[but Greek] did he address the multitudes, when they were composed of a mixture of persons, of different countries and nations ? For instance, proselytes and heathens ? Gadarenes (Matt. viii. 28. 34 ; Mark v. 1; Luke viii. 26). The inhabitants of the borders of Tyre and Sidon (Mark vii. 24)? The Syrophænician woman, yurn innois? The inhabitants of the Decapolis ? &c. P. 242.
We had noticed several other able discussions on difficult points of sacred criticism, particularly one relative to some disputed parts of the four Gospels, and another on the apocryphal books of the New Testament; but we have not room to translate them; and they would suffer by abridgement. Biblical students, especially those who are not acquainted with the German language, are greatly indebted to M. Cellérier, for his French translation and analysis of Professor Hug's introduction; which may indeed be considered as a necessary supplement and companion to the Bishop of Peterborough's translation of Michaelis. Dello Stato Fisico del Suolo di Roma; Memoria per servire d'illustra
zione alla Carta Geognostica di questa Citta. Di G. BROCCHI. Con due tavole in rame. pp. 282. Roma.
kery into quick linlian barons, all becomes wat iom house to
If the old Empress of the "Seven Hills" were permitted to utter a voice, we fully believe that she would with Gray's priestess say, “ Leave, leave me to repose." * Unquestionably no sovereign city, since the invention of laying stone upon stone, has undergone so many molestations and plunderings by all kinds of spoilers, heathen and Christian,
First, in the days of her full majesty, when she “ sat à queen," came Constantine, and robbed her palaces of all that his imperial hands could carry away, to leave it on the banks of the Bosphorus in deposit for Turks to come.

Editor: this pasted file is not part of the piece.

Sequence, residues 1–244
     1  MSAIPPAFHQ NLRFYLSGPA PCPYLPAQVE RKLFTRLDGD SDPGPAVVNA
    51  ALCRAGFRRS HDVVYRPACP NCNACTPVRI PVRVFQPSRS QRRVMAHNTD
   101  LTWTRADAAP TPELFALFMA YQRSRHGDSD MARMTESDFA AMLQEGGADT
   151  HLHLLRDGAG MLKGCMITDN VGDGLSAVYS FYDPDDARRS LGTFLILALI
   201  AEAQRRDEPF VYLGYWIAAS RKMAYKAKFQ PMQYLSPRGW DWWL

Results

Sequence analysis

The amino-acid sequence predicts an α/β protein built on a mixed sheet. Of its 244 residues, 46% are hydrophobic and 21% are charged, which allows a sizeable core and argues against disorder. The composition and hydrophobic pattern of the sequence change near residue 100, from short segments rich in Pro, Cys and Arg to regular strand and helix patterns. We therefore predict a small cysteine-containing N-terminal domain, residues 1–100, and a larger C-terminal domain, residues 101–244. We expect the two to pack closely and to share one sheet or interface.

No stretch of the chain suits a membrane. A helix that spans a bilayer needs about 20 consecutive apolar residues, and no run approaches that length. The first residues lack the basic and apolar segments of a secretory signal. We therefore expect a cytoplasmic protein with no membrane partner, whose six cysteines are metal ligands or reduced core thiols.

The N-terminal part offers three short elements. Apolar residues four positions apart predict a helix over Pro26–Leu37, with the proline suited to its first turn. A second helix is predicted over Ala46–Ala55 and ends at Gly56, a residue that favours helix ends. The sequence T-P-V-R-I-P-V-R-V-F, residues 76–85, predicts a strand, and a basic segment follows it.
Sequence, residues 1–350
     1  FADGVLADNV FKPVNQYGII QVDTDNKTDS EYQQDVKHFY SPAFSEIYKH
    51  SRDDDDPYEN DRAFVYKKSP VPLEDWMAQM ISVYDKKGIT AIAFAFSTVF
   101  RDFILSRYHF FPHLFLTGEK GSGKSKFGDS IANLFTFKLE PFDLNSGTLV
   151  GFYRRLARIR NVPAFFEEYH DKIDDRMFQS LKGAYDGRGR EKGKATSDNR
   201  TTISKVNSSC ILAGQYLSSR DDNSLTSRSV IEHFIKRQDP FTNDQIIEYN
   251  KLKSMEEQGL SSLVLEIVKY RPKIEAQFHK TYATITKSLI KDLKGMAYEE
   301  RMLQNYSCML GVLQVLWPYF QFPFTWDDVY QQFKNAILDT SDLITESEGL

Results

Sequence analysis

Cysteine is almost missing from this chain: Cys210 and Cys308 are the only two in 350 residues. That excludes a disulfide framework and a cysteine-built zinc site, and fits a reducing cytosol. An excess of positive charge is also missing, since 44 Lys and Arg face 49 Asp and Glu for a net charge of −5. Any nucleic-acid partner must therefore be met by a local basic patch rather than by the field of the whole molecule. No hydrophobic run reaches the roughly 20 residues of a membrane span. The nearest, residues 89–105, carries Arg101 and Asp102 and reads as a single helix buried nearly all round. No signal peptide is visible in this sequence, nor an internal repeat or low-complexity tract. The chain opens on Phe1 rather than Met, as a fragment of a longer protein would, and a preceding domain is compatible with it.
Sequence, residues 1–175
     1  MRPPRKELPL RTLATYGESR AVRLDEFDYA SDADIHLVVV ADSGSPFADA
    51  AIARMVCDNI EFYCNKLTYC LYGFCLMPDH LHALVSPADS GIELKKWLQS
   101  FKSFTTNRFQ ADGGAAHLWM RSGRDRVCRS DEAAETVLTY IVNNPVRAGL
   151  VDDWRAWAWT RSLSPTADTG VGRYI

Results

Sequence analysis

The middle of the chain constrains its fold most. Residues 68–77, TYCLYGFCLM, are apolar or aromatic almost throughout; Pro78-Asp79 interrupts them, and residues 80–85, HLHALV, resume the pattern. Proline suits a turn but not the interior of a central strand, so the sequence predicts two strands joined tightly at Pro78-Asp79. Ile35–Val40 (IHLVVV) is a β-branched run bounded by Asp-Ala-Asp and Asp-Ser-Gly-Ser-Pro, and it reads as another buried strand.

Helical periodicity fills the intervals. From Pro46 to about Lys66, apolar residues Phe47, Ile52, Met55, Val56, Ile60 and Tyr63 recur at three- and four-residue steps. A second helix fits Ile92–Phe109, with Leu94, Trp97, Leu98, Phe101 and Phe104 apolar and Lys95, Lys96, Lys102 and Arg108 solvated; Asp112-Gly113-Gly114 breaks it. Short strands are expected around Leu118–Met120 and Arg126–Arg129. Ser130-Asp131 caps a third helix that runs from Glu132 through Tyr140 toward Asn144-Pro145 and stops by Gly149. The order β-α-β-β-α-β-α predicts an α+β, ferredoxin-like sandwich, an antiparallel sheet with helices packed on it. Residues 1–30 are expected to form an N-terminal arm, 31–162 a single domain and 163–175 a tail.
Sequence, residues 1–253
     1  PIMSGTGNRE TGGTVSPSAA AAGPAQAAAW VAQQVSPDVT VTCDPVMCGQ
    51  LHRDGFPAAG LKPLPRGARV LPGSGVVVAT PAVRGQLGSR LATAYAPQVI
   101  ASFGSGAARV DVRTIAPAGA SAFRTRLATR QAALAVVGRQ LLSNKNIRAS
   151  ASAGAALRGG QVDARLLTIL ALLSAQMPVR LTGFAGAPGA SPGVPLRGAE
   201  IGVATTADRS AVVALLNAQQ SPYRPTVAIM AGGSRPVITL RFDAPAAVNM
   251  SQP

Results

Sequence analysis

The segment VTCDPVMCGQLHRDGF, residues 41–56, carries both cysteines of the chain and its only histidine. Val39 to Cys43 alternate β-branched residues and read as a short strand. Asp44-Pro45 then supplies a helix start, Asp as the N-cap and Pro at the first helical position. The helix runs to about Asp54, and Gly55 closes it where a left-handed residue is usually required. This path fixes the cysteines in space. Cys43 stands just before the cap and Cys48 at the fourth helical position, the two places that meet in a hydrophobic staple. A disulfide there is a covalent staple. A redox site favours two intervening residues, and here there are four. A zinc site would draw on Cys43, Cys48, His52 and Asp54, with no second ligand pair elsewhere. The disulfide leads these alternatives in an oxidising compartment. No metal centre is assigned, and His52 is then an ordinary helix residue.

Then rushed down the iron men of the North, breathing war, rapine, and Sclavonic, to make sport of her gods and goddesses, stable their polar commissariat in her temples, and boil their mangel wurzel over camp-fires of her poetry, eloquence, and philosophy.
Then came the endless, voiceless, pale-faced multitude of monkery, to deface what the Siberians had spared, turn her marbles into quick lime and convent walls, and swamp the land.
Then came the Italian barons, all silk and steel, gay and gallant, but treacherous and bloody as becomes war; and, above all other forms of slaughter, civil war; battling from house to house, till their French and German Seconds warmed themselves into Principals, and devastated on a more heroic scale; alternately turning her monuments into fortresses, and battering them down with catapults and cannon.
Then came the generation of Virtuosi, a race of born plun, derers, who let nothing escape that could be had by ravage or roguery; the merciless buyers and stealers of the bones and integuments of the mighty matron in her grave—the resurrection men of classic mortality, torsos and trophies, princely heads, and Venuses destitute of a nose.